A group of Texas abortion providers and abortion rights advocates are suing state officials after Texas opted to include abortions among nonessential surgical procedures that must be deferred or canceled to focus on the coronavirus pandemic.
On Monday, Texas Attorney General Ken Paxton confirmed that “any type of abortion that is not medically necessary to preserve the life or health of the mother” was included in Republican Texas Gov. Greg Abbott’s order that health care providers “postpone all surgeries and procedures that are not immediately medically necessary” to preserve a patient’s life or condition.
Paxton noted that violating the order, which lasts until April 21, could result in fines of up to $1,000 or 180 days imprisonment.
In a lawsuit filed Wednesday against Abbott, Paxton and other state officials by local providers, as well as Planned Parenthood and the Center for Reproductive Rights, the groups called on a federal judge to block the restriction on abortion. They argued that it “violates Plaintiffs’ patients’ fundamental constitutional right to decide whether to have an abortion prior to viability.”
“The Texas Attorney General’s enforcement threats are a blatant effort to exploit a public health crisis to advance an extreme, anti-abortion agenda, without any benefit to the state in terms of preventing or resolving shortages of (personal protective equipment) or hospital capacity,” they wrote. “As a result of these threats, this week Plaintiffs have already been forced to turn away patients in need of time-sensitive care.”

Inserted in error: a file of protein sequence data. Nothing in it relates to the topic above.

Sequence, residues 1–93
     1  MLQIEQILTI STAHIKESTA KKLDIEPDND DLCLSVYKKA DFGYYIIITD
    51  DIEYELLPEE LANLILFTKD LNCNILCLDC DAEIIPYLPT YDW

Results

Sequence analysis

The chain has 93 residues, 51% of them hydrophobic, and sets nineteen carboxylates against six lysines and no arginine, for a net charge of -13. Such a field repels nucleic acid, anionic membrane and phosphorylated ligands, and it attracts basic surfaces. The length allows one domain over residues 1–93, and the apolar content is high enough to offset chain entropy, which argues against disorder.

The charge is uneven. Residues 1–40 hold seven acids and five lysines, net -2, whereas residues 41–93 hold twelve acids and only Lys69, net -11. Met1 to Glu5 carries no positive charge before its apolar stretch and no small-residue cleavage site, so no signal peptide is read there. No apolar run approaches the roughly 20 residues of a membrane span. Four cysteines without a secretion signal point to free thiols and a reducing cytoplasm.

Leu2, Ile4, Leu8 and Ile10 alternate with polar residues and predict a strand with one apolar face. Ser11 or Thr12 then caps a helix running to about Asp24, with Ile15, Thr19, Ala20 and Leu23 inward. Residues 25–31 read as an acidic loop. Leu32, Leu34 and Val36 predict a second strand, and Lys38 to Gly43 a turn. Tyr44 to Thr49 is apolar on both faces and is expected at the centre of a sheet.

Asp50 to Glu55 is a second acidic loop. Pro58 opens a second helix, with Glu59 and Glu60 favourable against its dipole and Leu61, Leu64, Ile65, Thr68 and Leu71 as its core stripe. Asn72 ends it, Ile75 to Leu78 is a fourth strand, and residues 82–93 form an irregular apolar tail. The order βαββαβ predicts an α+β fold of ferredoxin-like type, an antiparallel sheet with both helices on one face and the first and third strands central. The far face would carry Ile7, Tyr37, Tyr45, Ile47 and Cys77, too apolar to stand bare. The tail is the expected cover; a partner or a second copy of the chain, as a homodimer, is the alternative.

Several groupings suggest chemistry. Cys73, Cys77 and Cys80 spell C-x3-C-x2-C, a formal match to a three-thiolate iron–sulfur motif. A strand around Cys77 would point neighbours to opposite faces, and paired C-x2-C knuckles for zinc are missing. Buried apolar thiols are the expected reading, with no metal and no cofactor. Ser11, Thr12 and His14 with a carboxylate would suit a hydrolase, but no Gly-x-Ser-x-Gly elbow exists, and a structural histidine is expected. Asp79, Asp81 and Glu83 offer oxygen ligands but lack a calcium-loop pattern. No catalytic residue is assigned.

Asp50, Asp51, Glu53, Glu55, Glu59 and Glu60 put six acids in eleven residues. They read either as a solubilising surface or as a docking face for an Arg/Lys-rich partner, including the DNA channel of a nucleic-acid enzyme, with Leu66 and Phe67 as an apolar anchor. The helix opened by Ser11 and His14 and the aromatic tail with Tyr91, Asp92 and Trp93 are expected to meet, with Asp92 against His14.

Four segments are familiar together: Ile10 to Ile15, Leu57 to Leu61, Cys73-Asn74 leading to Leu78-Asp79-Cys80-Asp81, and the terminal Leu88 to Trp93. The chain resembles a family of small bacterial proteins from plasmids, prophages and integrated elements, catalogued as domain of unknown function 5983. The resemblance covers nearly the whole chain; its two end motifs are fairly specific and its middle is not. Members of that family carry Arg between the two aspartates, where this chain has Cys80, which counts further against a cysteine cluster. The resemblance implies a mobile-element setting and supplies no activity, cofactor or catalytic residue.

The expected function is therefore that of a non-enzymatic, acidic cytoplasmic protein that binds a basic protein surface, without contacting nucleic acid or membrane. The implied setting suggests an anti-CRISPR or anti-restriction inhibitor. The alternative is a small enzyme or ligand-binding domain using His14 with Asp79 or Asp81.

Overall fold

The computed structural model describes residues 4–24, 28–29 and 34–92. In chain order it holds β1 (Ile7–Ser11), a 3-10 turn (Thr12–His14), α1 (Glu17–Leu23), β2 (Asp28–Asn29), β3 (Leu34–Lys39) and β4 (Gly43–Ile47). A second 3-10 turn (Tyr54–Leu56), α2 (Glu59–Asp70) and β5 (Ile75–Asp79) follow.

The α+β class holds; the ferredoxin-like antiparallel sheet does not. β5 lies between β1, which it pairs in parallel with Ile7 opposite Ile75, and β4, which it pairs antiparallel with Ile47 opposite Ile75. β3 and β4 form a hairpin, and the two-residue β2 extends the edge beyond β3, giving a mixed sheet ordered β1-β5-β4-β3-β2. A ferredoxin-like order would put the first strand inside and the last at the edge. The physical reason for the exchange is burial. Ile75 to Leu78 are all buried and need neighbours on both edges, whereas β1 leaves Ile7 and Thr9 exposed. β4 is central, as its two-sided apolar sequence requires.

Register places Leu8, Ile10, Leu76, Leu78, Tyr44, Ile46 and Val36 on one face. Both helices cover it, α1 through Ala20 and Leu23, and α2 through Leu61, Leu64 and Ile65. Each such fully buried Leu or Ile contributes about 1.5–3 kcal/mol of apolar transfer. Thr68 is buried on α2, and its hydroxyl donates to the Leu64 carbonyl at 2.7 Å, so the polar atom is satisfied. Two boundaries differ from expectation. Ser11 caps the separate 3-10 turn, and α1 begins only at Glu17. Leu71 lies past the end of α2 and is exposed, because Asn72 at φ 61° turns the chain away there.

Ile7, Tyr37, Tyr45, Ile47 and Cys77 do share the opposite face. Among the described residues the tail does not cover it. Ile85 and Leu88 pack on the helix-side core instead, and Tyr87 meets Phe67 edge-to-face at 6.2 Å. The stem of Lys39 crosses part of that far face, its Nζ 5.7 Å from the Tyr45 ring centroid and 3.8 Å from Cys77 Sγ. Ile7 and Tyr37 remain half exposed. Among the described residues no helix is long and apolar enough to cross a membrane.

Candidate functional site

Texas is not alone in limiting abortion access in light of the coronavirus outbreak. State officials in Mississippi and Ohio have also limited abortions in response to the virus, saying that the steps are necessary to preserve protective supplies that are becoming increasingly precious as the pandemic worsens. But abortion-rights groups have decried the actions, saying officials are exploiting a public health crisis to advance a political agenda.
Amy Hagstrom Miller, president and CEO of Whole Woman’s Health and Whole Woman’s Health Alliance, said on a press call Wednesday that their three clinics in Texas had canceled more than 150 appointments this week in light of the order.
Paxton’s decision “has already created a health crisis on top of a health crisis,” she said. “Abortion is essential health care and it is a time sensitive service.”
Paxton accused the providers of looking to divert key health resources and vowed to uphold the order.
“It is unconscionable that abortion providers are fighting against the health of Texans and withholding desperately needed supplies and personal protective equipment in favor of a procedure that they refer to as a ‘choice,’” he said in a statement to CNN. “My office will tirelessly defend Governor Abbott’s Order to ensure that necessary supplies reach the medical professionals combating this national health crisis.”
Abbott’s office did not immediately respond to CNN’s request for comment on the lawsuit.
Texas has looked to restrict abortion rights and access in the last year. Texas lawmakers considered a bill in April that would allow a woman who undergoes an abortion procedure to possibly be charged with capital murder, a crime punishable by death in the state, and multiple cities have recently declared themselves “sanctuary cities for the unborn” and adopted unenforceable ordinances that claim to outlaw abortion within city limits.